Spalding University has received a federal grant of nearly $1.15 million from the U.S. Department of Health and Human Services’ (HHS) Health Resources and Services Administration (HRSA) to support advanced-level psychology and social work students who perform behavioral health work in primary care settings in medically underserved areas of Louisville.
The grant, which comes via the federal Behavioral Health Workforce Education and Training program (BHWET), will provide stipends to doctoral candidates in clinical psychology (Psy.D.) and students pursuing a master’s degree in social work (MSW) who are part of Spalding’s Interdisciplinary Behavioral Health Scholars Program (IBHSP). The stipends will assist in recruitment and retention of future behavioral health professionals who do their training work in vulnerable and medically underserved areas.
Spalding, the University of Kentucky and the University of Louisville were the only institutions in Kentucky to receive BHWET grants.
Spalding’s psychology and social work scholars are partnering with three Louisville health and wellness organizations to provide services. They are the Family Community Clinic, which provides medical assistance to individuals without health insurance, including many who don’t speak English, at its facility in the St. Joseph Catholic Church in Butchertown; Shawnee Christian Healthcare Center, which provides affordable primary health and dental care to patients in West Louisville; and Smoketown Family Wellness Center, which offers wellness programs in a neighborhood in which residents’ average life expectancy is 10 years below other Louisville areas, according to the center’s website.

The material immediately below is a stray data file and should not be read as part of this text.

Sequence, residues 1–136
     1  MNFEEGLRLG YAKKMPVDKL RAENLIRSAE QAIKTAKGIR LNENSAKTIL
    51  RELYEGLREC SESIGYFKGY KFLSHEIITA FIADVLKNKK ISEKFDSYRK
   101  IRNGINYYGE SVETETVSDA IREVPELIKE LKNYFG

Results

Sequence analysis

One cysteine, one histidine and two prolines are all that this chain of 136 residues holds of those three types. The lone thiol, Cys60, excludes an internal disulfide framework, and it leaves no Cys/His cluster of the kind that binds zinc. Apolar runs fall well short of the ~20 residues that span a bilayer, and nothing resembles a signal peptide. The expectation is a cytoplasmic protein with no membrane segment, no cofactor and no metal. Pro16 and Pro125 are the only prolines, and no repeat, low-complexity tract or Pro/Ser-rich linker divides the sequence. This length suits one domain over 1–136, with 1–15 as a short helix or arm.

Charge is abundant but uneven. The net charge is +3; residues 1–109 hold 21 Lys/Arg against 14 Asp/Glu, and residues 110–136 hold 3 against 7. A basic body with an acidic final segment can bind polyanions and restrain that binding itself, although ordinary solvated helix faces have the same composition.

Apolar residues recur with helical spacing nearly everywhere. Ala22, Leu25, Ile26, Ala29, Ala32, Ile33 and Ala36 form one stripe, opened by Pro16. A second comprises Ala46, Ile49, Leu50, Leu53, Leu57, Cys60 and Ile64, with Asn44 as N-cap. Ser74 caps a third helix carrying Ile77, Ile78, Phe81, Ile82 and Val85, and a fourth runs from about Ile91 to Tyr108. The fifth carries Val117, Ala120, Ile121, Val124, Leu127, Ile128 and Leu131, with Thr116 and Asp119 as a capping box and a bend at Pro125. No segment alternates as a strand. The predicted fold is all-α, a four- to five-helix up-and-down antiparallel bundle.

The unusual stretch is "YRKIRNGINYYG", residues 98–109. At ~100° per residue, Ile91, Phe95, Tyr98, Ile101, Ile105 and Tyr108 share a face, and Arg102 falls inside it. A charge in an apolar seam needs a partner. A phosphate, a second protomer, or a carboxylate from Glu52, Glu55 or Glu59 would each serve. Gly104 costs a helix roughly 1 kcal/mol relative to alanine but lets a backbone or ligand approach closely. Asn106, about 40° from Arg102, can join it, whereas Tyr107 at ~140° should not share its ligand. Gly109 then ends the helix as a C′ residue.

“I am very familiar with the health care academic programs at Spalding University and find it very rewarding to know that individuals who rely on health care services will receive the quality care and attention that a partnership with Spalding will bring,” said George Fischer, founder of the Family Community Clinic. “I’m grateful to Spalding and its faculty and students for providing help to members of our community who need it.”
The grant money for Spalding students will be dispersed over four years with the funding increasing after the first year. There will be six student recipients in the first year and 10 in Years 2-4. The psychology students will receive $28,352 each, and the social work students will receive $10,000.
“We are thrilled to have received this federal grant,” said Dr. Steve Katsikas, faculty chair of Spalding’s School of Professional Psychology and the IBHSP program director. “Between 60 and 70 percent of all health-related problems have a behavioral component, such as smoking, living a sedentary lifestyle or eating an imbalanced diet. The grant will allow us to partner with primary care sites in underserved parts of Louisville to provide integrated behavioral health services. Individuals who see a health care provider and need a referral will be able to immediately see a behavioral health specialist. Spalding’s schools of social work and psychology are excited about this program because it allows us to train the next generation of psychologists and social workers to make a lasting health impact in our community.”
The grant will also be used to hire a clinical coordinator and fund seminars.
This project is supported by the Health Resources and Services Administration (HRSA) of the U.S. Department of Health and Human Services (HHS) under M01HP31342 and the Behavioral Health Workforce Education and Training (BHWET) Program for $1,149,483. This information or content and conclusions are those of the author and should not be construed as the official position or policy of, nor should any endorsements be inferred by HRSA, HHS or the U.S. Government.